COVID-19 restrictions: reduced hours for workers, but normal pay
The Court of Appeal has reversed a decision of the Employment Court, and confirmed that it is not lawful to make deductions from wages for time not worked as a result of the employer’s direction, including where COVID-19 restrictions render the employee unable to work.
COVID-19 lockdowns and restrictions over the past two years have meant that some employers have not required their employees to work all (or any) of their normal hours. In agreement with the initial decision of the Employment Relations Authority, the Court of Appeal in Shandu v Gate Gourmet New Zealand Limited  NZCA 591 determined that despite the inability to provide work to minimum-wage workers as a result of COVID-19 restrictions, employers must still pay their workers for the hours of work stipulated in their employment agreement.
During the 2020 lockdown, Gate Gourmet did not require some of its minimum-wage workers to work as a result of the restrictions and reduced demand. To reflect this, Gate Gourmet reduced those workers pay by 20%, and offered the option of using annual leave as a top up.
The workers alleged Gate Gourmet’s actions were in breach of s 6 of the Minimum Wage Act 1983 (the Act), which requires employers to pay their workers minimum wage for all hours of ‘work’. The issue for the court to determine was whether ‘work’ means the hours of work actually performed, or the hours of work stipulated in the workers’ terms of employment.
The Court of Appeal determined that ‘work’ for the purposes of s 6 means the agreed hours of work in the workers’ terms of employment. Gate Gourmet was in breach of s 6, because by only paying workers the equivalent of 80% of their agreed normal hours, the pay they received was below the minimum wage.
The Court focused on the statutory context of s 6 in making its determination. Section 7(2) of the Act provides that no reduction in pay below the minimum wage may be made except by reason of the default of the worker, or by reason of the worker’s illness or of any accident suffered by the worker. COVID-19 restrictions do not fall within this set of prescribed exceptions – the workers had reduced hours not as a result of their own default, but rather as a result of their employer’s direction.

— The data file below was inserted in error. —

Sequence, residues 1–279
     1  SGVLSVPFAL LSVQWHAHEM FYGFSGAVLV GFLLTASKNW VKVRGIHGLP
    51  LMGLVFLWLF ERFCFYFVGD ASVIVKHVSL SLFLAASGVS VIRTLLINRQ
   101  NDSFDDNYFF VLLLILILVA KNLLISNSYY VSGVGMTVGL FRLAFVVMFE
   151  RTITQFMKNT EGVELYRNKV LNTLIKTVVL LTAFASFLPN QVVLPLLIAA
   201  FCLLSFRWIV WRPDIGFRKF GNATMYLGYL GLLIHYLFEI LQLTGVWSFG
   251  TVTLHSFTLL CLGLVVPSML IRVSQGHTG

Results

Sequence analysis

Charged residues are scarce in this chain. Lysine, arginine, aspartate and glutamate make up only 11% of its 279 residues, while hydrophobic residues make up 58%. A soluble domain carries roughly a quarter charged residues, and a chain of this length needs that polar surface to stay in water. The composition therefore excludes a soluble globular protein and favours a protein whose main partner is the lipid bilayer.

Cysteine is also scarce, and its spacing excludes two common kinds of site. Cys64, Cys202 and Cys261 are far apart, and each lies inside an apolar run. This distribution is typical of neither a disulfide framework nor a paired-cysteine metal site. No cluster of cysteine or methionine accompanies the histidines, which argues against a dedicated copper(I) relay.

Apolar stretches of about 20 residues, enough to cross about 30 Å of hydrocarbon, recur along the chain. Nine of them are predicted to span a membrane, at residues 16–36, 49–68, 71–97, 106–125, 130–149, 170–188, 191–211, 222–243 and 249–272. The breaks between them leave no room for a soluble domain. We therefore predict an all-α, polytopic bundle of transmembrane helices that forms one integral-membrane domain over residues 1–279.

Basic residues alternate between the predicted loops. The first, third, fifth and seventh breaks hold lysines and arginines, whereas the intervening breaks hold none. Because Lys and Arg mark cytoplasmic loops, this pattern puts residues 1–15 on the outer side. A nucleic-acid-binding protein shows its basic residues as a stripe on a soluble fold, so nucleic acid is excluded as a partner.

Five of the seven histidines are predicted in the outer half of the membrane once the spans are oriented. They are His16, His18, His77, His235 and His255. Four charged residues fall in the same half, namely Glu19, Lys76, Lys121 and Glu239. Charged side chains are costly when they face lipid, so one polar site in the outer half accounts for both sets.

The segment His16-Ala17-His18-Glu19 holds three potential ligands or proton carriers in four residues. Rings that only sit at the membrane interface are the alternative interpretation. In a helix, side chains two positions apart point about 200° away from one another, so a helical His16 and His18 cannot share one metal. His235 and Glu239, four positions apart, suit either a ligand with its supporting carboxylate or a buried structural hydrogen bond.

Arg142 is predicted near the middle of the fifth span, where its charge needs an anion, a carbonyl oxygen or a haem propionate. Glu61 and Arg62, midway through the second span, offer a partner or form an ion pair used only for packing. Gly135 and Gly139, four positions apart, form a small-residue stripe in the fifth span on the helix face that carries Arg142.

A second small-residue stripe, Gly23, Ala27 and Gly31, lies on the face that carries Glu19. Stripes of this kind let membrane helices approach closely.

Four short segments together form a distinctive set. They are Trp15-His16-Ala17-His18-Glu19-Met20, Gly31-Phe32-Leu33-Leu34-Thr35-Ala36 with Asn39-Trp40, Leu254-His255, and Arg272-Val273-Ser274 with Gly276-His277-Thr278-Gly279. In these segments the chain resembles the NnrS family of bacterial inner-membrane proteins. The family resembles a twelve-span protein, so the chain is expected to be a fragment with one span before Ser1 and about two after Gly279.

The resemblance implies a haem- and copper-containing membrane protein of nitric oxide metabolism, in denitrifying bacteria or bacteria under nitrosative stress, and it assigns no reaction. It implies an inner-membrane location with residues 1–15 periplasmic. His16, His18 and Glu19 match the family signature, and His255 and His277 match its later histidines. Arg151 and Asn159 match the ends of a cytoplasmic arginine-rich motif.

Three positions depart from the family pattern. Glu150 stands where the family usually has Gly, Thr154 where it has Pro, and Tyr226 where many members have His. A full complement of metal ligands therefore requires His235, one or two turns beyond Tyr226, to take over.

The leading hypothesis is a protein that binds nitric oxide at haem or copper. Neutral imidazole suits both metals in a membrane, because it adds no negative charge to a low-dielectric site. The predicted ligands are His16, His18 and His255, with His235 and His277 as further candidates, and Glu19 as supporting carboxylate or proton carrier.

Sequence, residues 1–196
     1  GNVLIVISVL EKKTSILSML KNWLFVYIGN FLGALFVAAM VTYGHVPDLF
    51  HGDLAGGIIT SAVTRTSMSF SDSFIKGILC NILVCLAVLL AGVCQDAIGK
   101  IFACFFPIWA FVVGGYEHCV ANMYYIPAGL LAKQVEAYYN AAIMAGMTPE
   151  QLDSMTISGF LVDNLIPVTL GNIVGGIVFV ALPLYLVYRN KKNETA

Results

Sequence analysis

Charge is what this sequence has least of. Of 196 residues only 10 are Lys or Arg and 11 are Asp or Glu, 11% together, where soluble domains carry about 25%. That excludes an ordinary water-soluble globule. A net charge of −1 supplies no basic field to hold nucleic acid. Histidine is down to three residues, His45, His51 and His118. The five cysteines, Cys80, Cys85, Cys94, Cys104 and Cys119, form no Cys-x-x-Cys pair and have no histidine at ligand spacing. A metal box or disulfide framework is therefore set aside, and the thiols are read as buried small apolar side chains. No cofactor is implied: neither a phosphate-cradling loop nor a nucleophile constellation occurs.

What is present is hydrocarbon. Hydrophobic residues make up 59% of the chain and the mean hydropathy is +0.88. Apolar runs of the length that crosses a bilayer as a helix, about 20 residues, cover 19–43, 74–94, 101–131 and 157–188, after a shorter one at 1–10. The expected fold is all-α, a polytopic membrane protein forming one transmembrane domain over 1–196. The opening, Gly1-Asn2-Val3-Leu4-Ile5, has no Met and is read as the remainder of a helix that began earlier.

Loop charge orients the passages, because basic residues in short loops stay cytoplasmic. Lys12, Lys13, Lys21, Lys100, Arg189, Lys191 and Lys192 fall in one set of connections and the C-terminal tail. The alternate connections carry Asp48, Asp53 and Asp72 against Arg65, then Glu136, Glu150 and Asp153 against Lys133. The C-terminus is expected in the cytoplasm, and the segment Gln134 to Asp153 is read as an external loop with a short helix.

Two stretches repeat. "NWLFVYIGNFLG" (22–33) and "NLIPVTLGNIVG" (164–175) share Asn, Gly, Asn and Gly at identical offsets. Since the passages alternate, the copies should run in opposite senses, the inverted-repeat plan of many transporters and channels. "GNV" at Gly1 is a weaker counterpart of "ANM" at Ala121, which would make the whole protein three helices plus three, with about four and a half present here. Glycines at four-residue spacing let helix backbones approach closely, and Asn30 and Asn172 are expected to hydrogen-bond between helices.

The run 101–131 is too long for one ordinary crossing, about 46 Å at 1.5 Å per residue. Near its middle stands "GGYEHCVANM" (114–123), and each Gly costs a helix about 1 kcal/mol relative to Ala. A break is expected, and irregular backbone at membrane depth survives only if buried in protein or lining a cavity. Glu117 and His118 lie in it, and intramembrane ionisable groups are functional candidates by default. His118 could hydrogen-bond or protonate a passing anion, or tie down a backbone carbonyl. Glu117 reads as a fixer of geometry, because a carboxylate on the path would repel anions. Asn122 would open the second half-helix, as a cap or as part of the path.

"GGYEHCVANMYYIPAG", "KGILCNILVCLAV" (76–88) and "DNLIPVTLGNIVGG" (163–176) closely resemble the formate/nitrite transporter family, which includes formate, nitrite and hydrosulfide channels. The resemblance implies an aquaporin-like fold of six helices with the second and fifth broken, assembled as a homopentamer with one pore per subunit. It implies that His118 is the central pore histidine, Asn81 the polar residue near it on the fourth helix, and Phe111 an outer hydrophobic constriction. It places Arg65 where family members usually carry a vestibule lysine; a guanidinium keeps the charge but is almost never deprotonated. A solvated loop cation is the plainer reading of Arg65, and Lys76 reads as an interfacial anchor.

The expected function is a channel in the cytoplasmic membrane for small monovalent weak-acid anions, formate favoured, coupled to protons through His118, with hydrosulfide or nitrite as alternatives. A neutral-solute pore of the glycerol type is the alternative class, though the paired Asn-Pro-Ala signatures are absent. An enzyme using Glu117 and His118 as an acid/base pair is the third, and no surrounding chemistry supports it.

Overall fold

The Court further explained that if payment of wages under s 6 need only reflect the hours of work actually performed, s 7(2) would serve no purpose. It follows that Gate Gourmet were required under s 6 to pay their workers for their agreed hours of work.
What this decision means for employers
Employers faced with the need to temporarily reduce their workers’ hours will need to carefully consider their options. Where a restructure is not desirable (as is sometimes the case with the somewhat temporary nature of COVID-19 restrictions), employers must ensure that any change to their workers’ hours are agreed to by the worker. It is fine to offer workers to take leave, but again, they must agree to this.
The Court of Appeal’s rationale may have wider application to all workers, not just those on the minimum wage. To reduce a worker’s hours and pay as a result of COVID-19 restrictions may not be in breach of s 6, but it will likely be in breach of the worker’s employment agreement. This is because doing so would amount to a unilateral change to the workers’ terms of employment, which is unlawful in any case. The key takeaway is that any variation to workers’ hours and pay must arise from a mutual agreement, or a genuine restructure.
Want to know more?
If you have any questions on reducing your workers’ hours and pay because of COVID-19 restrictions, please contact our specialist Employment Team.
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This article was included in Edition 13 of our employment newsletter – Employment News which you can read here.